Japan may get new PM this month: Media

Kan, who took office in June last year, is under pressure from the conservative opposition.

Tokyo: Japan may have a new leader by the
end of the month, its sixth in five years, newspapers said
today, as embattled Prime Minister Naoto Kan said he would
resign soon.

Kan, who took office in June last year, is under intense
pressure from the conservative opposition and some members of
his own party to step down over his handling of the March 11
quake, tsunami and nuclear disasters.

Support for his cabinet has fallen to around 15 percent,
the lowest level since his centre-left party took power almost
two years ago, when it ended a half-century of conservative
reign in a landslide election.

Kan, 64, promised weeks ago that he would step aside once
three laws are passed -- an extra budget for disaster
reconstruction, a bill to help finance it with new bonds, and
a law to promote renewable energy.

The supplementary budget bill was enacted last month, and
the two major parties have agreed this week to also pass the
other two bills by August 26, paving the way for Kan to leave
the scene.

Kan today told parliament that, once the two bills are
approved, "we have to swiftly start moving to the next stage".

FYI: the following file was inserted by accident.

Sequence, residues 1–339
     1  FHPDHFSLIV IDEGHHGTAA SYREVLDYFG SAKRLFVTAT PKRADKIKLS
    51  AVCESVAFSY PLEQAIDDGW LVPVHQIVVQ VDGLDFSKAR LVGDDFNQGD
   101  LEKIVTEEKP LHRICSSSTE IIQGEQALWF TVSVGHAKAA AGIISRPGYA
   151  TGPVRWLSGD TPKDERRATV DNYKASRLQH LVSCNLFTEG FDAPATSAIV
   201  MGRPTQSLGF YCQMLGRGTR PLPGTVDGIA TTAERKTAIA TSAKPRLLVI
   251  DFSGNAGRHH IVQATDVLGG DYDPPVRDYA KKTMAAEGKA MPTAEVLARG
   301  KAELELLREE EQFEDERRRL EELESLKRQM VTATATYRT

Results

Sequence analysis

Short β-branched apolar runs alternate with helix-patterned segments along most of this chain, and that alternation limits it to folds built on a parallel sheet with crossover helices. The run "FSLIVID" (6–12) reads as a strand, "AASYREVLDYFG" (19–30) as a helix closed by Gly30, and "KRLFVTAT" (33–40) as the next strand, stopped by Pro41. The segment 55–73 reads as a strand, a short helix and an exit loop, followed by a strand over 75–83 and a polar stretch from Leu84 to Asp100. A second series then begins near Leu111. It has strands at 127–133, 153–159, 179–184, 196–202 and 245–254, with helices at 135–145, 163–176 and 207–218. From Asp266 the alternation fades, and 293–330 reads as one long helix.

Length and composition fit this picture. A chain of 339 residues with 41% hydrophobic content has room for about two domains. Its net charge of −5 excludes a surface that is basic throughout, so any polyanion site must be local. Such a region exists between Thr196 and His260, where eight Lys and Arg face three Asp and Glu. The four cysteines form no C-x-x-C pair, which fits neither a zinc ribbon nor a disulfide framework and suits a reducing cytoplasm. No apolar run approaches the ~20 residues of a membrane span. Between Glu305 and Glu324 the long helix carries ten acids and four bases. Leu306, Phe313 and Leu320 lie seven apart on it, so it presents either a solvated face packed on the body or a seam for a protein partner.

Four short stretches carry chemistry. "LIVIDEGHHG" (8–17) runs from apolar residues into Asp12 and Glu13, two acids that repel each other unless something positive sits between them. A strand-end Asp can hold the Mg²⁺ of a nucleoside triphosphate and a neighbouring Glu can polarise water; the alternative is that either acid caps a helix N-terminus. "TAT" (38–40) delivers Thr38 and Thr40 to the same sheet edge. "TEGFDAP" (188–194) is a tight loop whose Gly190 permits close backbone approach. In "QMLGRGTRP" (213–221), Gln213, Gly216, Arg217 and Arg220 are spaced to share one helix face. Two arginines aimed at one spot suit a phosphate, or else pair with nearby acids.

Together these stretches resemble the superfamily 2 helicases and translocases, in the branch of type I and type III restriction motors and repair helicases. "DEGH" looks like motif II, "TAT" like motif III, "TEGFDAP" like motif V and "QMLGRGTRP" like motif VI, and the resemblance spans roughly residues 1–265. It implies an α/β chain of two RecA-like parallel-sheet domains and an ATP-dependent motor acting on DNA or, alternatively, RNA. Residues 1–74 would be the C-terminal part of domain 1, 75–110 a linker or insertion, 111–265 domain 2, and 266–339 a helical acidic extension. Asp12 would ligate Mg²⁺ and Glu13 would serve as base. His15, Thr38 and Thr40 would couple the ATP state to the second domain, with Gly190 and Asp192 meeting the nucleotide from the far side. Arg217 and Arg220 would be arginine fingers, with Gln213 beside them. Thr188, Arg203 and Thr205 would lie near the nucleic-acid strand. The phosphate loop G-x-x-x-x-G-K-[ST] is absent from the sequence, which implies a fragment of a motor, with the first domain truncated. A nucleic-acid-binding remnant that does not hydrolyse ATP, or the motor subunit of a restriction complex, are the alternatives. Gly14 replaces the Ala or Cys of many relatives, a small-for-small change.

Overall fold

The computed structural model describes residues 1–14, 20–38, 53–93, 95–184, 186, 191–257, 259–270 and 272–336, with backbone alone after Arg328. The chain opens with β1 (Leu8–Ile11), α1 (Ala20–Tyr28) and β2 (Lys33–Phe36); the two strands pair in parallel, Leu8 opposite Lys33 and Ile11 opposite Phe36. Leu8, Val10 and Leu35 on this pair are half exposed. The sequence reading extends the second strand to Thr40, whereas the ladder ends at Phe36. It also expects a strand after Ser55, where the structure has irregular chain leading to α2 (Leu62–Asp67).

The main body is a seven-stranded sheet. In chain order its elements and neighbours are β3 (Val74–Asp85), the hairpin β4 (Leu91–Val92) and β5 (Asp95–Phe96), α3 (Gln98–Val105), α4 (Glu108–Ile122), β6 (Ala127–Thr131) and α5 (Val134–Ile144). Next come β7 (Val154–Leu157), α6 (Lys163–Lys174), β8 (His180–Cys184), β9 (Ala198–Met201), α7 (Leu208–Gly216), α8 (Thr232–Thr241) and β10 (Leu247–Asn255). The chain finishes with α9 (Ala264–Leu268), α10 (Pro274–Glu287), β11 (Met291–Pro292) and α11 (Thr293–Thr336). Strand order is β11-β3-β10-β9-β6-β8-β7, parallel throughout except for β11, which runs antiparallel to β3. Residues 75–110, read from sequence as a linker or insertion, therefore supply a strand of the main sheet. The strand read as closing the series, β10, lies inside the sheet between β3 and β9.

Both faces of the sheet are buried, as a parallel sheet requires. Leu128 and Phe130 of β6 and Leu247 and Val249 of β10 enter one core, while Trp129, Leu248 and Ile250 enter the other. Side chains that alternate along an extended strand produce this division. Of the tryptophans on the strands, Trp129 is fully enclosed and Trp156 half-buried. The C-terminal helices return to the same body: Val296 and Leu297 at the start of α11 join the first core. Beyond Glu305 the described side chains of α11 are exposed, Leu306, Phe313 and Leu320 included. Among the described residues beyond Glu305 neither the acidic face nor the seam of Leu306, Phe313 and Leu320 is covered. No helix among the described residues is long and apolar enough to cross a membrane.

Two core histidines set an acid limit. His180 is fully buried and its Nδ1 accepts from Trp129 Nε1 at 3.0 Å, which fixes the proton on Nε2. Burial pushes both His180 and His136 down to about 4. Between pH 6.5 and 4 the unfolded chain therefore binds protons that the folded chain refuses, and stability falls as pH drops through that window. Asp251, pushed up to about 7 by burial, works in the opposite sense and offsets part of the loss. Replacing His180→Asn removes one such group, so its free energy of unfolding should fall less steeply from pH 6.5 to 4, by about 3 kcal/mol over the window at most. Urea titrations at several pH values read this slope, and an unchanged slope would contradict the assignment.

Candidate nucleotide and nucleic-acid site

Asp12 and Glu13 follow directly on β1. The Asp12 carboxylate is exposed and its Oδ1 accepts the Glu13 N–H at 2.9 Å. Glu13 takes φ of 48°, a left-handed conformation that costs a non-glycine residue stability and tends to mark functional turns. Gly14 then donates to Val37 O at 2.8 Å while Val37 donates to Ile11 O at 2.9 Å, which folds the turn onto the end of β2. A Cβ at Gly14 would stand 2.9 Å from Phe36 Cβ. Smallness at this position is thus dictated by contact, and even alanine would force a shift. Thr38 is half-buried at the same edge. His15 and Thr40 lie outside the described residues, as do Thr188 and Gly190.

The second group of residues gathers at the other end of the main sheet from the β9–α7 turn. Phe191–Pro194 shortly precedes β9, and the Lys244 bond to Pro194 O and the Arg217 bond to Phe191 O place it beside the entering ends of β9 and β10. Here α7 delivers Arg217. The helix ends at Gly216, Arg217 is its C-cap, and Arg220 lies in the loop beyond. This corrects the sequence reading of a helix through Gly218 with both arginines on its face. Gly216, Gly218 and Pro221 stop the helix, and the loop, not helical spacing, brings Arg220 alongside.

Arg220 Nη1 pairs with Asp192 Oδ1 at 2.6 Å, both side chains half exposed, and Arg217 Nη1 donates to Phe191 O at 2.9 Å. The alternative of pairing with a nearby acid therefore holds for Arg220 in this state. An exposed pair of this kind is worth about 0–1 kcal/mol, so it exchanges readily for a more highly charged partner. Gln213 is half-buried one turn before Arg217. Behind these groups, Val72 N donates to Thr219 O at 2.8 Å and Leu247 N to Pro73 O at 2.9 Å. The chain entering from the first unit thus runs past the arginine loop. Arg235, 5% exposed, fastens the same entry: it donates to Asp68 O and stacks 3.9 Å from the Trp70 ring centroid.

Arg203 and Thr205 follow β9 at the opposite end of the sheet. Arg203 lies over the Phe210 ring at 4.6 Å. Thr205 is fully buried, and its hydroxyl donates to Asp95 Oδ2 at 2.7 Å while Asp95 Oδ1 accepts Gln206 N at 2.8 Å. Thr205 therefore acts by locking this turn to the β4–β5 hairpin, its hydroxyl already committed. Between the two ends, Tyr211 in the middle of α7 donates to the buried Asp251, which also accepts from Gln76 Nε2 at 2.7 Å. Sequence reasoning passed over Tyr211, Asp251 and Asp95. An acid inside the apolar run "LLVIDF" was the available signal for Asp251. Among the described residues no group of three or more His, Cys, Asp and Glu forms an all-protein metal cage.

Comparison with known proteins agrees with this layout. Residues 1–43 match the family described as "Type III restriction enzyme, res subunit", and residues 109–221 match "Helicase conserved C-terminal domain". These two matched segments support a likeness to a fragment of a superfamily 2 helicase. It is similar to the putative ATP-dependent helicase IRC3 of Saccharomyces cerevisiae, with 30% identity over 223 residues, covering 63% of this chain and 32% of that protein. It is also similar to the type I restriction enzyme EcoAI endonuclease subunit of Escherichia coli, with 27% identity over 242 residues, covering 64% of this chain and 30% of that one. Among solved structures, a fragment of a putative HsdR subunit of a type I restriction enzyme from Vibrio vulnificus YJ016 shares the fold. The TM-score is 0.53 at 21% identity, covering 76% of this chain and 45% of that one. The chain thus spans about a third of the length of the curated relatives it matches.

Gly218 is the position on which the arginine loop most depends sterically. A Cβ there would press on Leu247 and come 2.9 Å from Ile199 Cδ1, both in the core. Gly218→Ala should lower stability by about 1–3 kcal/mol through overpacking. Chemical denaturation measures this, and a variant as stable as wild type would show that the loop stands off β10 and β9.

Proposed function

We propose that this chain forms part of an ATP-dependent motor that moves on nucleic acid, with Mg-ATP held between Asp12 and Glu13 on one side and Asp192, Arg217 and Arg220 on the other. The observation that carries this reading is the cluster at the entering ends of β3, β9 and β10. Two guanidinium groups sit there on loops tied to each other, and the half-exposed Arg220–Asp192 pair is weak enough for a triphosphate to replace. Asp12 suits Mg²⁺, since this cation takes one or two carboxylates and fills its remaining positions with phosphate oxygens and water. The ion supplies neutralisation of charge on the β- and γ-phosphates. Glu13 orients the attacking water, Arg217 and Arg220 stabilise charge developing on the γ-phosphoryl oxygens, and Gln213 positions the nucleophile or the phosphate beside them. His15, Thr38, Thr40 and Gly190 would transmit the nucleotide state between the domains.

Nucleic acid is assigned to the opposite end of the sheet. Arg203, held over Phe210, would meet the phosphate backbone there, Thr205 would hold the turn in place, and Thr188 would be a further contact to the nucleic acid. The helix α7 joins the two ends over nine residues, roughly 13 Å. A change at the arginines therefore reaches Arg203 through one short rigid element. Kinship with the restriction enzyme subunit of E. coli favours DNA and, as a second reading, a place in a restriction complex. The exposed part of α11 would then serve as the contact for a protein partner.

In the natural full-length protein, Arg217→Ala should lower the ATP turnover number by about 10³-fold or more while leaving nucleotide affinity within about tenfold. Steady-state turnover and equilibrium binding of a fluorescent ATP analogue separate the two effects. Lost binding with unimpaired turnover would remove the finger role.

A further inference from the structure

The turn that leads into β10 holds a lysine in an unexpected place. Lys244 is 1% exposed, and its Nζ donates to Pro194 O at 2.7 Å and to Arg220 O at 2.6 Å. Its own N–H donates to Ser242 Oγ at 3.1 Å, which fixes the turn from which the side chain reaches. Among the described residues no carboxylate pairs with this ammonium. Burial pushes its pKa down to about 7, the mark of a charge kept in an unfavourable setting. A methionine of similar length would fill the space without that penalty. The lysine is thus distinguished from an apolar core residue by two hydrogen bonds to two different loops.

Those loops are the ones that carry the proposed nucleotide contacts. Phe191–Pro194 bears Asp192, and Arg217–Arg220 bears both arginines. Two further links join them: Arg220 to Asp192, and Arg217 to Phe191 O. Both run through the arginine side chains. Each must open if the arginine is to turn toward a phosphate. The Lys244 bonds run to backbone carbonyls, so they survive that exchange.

"For the party, it will mean a leadership election. Once
the new party leader is decided, obviously I will have to step
down as prime minister. We will enter that phase."

Senior officials of his Democratic Party of Japan (DPJ)
have been pushing ahead with plans to replace Kan as party
leader and therefore as Japan`s premier, the Nikkei financial
daily said earlier.

"The possibility that the prime minister will resign by
the end of the month has grown," said the newspaper, while the
Mainichi daily also said that top DPJ officials aimed to
designate a new prime minister this month.

The Nikkei quoted an unnamed cabinet minister as saying
that "one idea is to hold a leadership election on August 28".

Japanese media have mentioned Finance Minister Yoshihiko
Noda as a leading candidate for the top job.

Noda, 54, is a fiscal hawk who has steered the world`s
number three economy through turmoil for over a year and
stepped into currency markets to bring down the strong yen,
which hurts exporters.

Noda signalled his candidacy with an essay titled "my
government plan" in the Bungei Shunju conservative monthly
today, pledging fiscally prudent policies to whittle down
Japan`s public debt mountain.

Sumio Mabuchi, who was transport minister when Japan was
embroiled last year in a bitter territorial island row with
China, is also seen as a possible candidate.

Public opinion polls have favoured the former
high-profile foreign minister Seiji Maehara, but he has not
yet clearly voiced his intentions.


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